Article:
What do audiences really want from a classical concert and how do we keep them coming back time and time again? Ruth Hallows talks to the head of classical music at Southbank Centre, Toks Dada

20220512_Southbank_exec_portraits0918 1

Photo: David Levene

Explore more interviews like this in The Strad Playing Hub

Audiences are like oxygen. As artists we need them to communicate our musical intention, to embark on a musical journey with us and ultimately to keep our passion a workable reality. In uncertain times, the relationship between artist and audience has never been more critical.  

One person who puts the audience at the heart of what he does is the head of classical music at Southbank Centre, Toks Dada.  A former violist and graduate of the Royal Welsh College of Music and Drama, Dada has always felt that curation was what he wanted to do.  

When Dada accepted the post in 2020, Southbank already boasted one of ’Europe’s largest classical music programmes’ with long standing piano series, chamber series and organ recitals.  But Dada knew that this cornerstone of London’s classical scene had so much more to offer.  

’A starting point for me was really about the audiences. The people who, in my mind, we’re here to serve,’ said Dada. ’How can we reach people that we’ve not reached yet?’

Dada curated a programme focusing on diversifying the choice of classical music on offer, attracting new audiences while making the programme as accessible to families as possible. 

’The whole idea was to be more intentional about our contemporary offerings,’ Dada explained. ’To make it more regular, more consistent, and to work with artists that were really stretching the boundaries of what we think of as classical music.’

Experimental programming through performances such as Âme’s Fathom, an immersive project combining film and 360° pre-recorded audio with live musicians as well as collaborations with artists like Manchester Collective pushed Southbank’s contemporary approach, to encompass ’a wider definition of classical music’.  

Dada has worked hard to make classical music accessible to families, especially with younger children. Understanding that very few children can sit patiently through a symphony, Dada has created an interactive programme for children, immersing them in classical music through exciting collaborations with orchestras such as the Paraorchestra, the Multi-Story Orchestra and BBC Concert Orchestra.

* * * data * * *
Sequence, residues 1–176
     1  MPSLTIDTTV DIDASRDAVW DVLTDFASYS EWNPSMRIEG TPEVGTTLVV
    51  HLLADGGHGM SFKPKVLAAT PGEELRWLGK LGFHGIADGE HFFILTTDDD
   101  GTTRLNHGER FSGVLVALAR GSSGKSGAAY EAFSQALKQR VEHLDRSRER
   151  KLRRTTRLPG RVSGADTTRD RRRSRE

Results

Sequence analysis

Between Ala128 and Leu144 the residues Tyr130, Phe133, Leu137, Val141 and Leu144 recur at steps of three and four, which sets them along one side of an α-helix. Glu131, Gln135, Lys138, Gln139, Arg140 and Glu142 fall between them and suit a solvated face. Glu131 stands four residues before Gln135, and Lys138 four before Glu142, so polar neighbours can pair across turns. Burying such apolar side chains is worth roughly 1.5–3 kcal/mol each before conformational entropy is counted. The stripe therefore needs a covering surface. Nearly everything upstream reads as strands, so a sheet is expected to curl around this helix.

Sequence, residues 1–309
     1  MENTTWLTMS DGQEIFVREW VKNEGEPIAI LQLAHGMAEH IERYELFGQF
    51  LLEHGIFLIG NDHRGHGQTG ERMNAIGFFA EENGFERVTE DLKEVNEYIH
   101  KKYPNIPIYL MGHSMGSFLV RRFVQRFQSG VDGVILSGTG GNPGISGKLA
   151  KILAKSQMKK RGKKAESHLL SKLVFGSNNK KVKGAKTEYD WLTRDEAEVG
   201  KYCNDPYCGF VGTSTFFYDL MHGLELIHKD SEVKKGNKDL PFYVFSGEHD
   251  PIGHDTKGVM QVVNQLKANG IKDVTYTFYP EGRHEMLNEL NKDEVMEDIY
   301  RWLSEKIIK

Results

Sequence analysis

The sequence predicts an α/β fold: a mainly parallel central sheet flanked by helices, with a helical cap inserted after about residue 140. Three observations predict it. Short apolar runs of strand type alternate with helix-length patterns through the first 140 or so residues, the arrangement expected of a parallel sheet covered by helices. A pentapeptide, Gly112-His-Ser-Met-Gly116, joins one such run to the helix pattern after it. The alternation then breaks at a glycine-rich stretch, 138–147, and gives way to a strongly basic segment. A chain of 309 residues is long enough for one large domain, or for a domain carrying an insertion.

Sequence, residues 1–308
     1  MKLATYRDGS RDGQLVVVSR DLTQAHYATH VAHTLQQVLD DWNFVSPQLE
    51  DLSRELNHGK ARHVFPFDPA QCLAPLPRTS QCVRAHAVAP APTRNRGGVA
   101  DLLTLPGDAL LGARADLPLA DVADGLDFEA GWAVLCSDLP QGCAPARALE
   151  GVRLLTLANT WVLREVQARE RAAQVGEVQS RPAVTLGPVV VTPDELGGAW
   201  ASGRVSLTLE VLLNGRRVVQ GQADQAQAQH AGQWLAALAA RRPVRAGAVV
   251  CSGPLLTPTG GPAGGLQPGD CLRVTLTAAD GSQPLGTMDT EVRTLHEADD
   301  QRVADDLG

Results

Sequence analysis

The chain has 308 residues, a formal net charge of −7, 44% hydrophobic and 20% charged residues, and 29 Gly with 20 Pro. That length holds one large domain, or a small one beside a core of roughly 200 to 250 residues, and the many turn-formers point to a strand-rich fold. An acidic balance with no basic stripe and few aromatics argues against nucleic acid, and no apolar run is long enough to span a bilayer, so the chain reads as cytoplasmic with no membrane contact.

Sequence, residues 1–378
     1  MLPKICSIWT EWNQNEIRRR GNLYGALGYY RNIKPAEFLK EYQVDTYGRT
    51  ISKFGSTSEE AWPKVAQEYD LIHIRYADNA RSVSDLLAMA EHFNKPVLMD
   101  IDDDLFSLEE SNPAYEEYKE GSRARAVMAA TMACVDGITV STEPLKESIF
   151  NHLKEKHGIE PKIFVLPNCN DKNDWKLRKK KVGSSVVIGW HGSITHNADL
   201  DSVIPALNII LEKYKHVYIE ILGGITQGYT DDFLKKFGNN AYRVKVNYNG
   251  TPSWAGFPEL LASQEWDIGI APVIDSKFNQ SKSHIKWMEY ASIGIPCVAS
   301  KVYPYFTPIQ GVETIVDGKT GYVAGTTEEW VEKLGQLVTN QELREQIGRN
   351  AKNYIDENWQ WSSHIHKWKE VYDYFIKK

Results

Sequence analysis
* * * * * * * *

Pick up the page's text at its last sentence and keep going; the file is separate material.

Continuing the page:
’We commissioned a project with BBC Concert Orchestra and The Beano. Essentially, Dennis and Gnasher are unleashed at the orchestra using a combination of orchestral music and using digital technology to bring to life elements of the comic.’

In recent years, the arts have experienced a host of challenges. After recovering from the pandemic, this year alone it has faced crippling budget cuts and an ever-extending energy crisis. For many, the obvious choice would be to raise ticket prices, but Dada is adamant this is not a choice Southbank want to take. 

’Venue based arts organisations are really feeling the pinch,’ Dada said. ’In the recent Arts Council funding announcement [for example], we’ve taken a hit of about 2 million, followed by the growing rate of inflation. Less money is coming in, more money is going out.’

’Whether venues are going to be able to weather all these multiple storms in the long term without increasing ticket prices, I don’t know but one thing is for sure, we always have to have an entry level price that is affordable to people.’ 

For Dada, serving audiences goes hand in hand with supporting artists. “When you look at that cohort of resident artists, in theory that cohort should tell a story of what classical music is today.”

This new season has seen a new set of resident artists, including Abel Selaocoe, Sheku Kanneh-Mason and The Strad January cover artist Daniel Pioro.  

’The impact that you’re able to have in this role is so fulfilling. To be able to have that creative dialogue with nine orchestras at any given time of the year as a curator, you can’t match that anywhere else.’

Read: Abel Selaocoe: Uniting voice

Read: Sheku Kanneh-Mason: First steps in fame

Discover more interviews like this in The Strad Playing Hub

Improve playing 1